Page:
Weekly Round Up: Master Storytellers, The Art of Presence, and The App for Empathy
For the past few months, I have been doing a weekly email newsletter focused on the medical humanities, leadership, and personal development.
Here is this week’s email that went out. If this looks like something you’re interested in receiving, let me know (DM me your email or just comment and I’ll reach out) so we can add your name to the list.
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Good evening, Everyone!
I hope this email finds you enjoying the close of another great week.
Thank you for taking the time out of your busy schedule to open another edition of the Weekly Round Up. I hope you enjoy this week’s reads and listens. Let’s get to it!
If there’s one craft Larry King has mastered, it’s communication. And if there’s one craft that medicine life relies on, it’s communication.
Listen in as King details his career’s trajectory and recounts the stories and interviews that changed the way he looks at the world.
From behind the scenes looks at Al Pacino’s character development in The Godfather to almost getting fired from his first job for sneaking off with a girl, Fussman brings out the Larry King we rarely see- the man behind the persona who has unwound authenticity from over 60,000 interviewees.
We can all learn something from the way Larry approaches his conversations, both on the air and off: “I never learned something when I was talking.”
Science, a field based on informed argument, has found itself trapped between binary viewpoints: you’re a believer, or you’re not.
From evolution, to climate change, to the causes of gun violence and social discrimination, scientific examination of our culture’s most pressing issues has devolved away from thoughtful discussion and into identity driven opinions.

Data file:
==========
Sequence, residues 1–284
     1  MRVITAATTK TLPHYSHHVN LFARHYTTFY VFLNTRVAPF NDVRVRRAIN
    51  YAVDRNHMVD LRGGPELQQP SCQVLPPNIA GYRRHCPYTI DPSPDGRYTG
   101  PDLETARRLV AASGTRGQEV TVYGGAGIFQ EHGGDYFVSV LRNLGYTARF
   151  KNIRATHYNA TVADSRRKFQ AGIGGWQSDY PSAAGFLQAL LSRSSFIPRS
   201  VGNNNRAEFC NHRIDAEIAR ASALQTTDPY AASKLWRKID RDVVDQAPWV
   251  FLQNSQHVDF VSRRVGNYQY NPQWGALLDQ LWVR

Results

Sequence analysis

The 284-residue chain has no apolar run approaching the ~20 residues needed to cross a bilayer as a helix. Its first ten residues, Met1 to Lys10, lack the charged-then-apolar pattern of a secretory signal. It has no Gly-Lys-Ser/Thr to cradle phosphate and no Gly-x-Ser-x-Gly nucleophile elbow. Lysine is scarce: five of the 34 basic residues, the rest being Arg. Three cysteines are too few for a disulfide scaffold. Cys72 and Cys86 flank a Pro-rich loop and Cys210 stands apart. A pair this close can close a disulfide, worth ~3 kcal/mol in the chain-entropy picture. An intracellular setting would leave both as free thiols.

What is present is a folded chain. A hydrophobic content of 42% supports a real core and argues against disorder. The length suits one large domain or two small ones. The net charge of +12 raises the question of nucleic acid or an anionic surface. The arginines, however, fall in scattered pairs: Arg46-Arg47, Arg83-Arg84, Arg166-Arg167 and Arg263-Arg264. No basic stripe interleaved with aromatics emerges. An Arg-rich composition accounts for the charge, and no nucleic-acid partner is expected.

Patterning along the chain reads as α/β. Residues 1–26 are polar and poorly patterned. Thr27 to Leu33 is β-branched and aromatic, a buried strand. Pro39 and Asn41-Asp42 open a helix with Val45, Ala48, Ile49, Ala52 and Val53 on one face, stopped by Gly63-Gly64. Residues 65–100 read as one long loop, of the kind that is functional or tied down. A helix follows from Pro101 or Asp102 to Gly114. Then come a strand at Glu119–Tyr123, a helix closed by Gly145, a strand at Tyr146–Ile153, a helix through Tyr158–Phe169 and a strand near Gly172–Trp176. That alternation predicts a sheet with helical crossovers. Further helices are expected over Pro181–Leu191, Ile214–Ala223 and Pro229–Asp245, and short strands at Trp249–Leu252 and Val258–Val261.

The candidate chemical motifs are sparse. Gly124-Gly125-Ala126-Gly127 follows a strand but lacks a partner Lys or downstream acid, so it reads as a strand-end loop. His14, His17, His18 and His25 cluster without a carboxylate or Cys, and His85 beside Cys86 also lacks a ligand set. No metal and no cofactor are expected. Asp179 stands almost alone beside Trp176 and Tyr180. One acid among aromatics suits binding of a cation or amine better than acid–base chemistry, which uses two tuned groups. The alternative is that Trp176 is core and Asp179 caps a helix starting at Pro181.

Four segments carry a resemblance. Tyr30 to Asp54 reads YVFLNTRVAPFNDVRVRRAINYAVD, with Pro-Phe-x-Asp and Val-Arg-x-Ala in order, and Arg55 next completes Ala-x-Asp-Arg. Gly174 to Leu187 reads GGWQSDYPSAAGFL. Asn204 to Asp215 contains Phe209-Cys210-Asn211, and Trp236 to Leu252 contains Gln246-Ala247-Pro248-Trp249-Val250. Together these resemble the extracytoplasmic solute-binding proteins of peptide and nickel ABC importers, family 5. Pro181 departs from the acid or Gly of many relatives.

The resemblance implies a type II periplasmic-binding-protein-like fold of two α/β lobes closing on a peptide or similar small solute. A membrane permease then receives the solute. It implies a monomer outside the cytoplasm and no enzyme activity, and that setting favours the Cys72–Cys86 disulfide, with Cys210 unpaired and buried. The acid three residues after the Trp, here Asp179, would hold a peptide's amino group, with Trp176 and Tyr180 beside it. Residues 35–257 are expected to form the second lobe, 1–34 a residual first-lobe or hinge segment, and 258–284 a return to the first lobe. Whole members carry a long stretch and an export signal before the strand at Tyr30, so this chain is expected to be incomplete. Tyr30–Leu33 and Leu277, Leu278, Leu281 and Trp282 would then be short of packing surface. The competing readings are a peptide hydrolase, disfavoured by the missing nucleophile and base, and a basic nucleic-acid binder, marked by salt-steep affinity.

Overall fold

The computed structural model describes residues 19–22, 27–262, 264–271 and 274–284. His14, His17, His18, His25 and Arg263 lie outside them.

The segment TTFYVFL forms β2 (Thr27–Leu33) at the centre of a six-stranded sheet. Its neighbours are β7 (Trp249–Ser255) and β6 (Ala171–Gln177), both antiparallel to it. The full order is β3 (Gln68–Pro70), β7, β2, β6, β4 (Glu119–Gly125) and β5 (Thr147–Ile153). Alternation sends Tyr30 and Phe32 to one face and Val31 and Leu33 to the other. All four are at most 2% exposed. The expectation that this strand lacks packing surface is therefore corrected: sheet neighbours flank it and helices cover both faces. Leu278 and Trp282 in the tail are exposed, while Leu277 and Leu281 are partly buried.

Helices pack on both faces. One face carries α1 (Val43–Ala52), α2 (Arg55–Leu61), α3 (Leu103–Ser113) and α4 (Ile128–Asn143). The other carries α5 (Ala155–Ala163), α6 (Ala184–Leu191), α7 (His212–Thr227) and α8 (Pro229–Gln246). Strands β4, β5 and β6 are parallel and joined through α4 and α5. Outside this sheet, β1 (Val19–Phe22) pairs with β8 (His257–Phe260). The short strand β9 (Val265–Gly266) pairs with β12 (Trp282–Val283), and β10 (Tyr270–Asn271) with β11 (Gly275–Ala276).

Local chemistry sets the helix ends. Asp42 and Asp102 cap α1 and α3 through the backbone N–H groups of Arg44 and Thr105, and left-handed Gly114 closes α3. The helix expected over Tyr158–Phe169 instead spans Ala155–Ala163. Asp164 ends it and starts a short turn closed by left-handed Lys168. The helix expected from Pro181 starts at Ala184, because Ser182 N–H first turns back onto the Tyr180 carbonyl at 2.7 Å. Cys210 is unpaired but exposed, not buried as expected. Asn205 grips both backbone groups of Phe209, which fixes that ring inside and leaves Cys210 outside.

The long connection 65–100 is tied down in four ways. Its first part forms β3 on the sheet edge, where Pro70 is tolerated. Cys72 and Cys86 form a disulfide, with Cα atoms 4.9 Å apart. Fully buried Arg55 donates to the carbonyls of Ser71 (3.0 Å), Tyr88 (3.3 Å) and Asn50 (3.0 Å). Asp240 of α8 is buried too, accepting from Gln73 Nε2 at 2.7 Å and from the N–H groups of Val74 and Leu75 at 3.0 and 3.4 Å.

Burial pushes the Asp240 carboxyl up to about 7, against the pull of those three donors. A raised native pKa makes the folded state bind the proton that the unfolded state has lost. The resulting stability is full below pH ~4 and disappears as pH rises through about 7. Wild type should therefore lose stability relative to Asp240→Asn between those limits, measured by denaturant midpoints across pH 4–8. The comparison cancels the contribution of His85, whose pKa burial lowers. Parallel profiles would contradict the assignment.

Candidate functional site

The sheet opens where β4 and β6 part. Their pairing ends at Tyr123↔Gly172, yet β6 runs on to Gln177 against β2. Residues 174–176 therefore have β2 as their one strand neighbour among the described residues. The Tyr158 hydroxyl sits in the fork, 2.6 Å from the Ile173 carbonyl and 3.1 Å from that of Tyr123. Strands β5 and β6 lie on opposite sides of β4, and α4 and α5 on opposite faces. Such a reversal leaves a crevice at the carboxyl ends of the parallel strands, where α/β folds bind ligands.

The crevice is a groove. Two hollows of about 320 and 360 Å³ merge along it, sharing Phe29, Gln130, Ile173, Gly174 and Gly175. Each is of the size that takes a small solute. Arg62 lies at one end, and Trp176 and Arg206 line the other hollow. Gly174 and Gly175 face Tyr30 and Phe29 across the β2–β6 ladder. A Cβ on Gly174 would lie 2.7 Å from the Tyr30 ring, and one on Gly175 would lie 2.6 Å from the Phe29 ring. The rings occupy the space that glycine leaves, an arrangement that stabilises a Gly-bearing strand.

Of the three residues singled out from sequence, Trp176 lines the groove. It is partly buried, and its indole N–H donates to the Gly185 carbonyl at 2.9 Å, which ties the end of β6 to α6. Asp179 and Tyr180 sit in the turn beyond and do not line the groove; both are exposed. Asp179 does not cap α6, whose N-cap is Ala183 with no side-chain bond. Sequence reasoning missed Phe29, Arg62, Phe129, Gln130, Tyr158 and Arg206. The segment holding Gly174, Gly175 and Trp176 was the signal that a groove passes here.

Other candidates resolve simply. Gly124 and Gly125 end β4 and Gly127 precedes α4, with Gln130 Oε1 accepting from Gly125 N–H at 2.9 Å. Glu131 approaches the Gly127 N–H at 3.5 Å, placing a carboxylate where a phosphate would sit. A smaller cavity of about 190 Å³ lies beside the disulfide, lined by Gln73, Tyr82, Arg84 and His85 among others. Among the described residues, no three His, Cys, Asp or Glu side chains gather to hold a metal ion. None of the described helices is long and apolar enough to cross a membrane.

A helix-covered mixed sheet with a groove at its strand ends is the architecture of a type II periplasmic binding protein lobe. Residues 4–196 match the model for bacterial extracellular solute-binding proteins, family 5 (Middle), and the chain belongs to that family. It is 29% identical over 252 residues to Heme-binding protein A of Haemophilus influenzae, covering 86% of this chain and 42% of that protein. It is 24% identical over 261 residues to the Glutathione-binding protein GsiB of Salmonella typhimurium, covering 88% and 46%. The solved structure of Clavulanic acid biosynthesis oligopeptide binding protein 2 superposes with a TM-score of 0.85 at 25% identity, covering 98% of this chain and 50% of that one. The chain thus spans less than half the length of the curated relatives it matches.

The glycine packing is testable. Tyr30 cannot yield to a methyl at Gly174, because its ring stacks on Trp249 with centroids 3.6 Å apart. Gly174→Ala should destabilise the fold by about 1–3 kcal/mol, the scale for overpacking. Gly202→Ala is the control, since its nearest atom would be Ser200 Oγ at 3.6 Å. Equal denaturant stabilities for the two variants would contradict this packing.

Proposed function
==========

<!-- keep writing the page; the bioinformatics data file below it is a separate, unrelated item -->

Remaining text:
Why do these two camps seem to drift further and further apart? This Axios article offers one compelling reason: the more you learn, the more you cling to your existing worldview, regardless of what the information presented reveals.
For all the Atul Gawande fans out there, he thoughtfully details this dilemma in his CalTech commencement speech from 2016, which you can read here: https://www.newyorker.com/news/news-desk/the-mistrust-of-science/amp
What’s the solution, then?
I won’t pretend to know the answer, but patience and compassion seem to help. For the alternatives, judgment and quick, cutting words, only exacerbate the gaps that are growing. The gaps that help us isolate ourselves from uncomfortable realities we don’t want to think about, let alone believe.
It’s a polarity, no? Standing up for what we believe and taking a knee for the sake of thoughtful discourse.
“If leisure is the basis of culture, how can we harness its true rewards given our pathological addiction to productivity?” — Maria Popova
French-Cuban writer Anaïs Nin explores this very question in Volume 5 of her diary, summarized here by Maria Popova.
As societal pressures push towards more- more achievement, more possessions, more likes and followers and sense of impact- Nin finds that a return to simplicity helps her reconnect with the most fundamental aspect of the human experience: the present.
Not the electronically lit present of our digital worlds, but the nourishing, natural present that sits in front of us, waiting for us to look up and embrace it.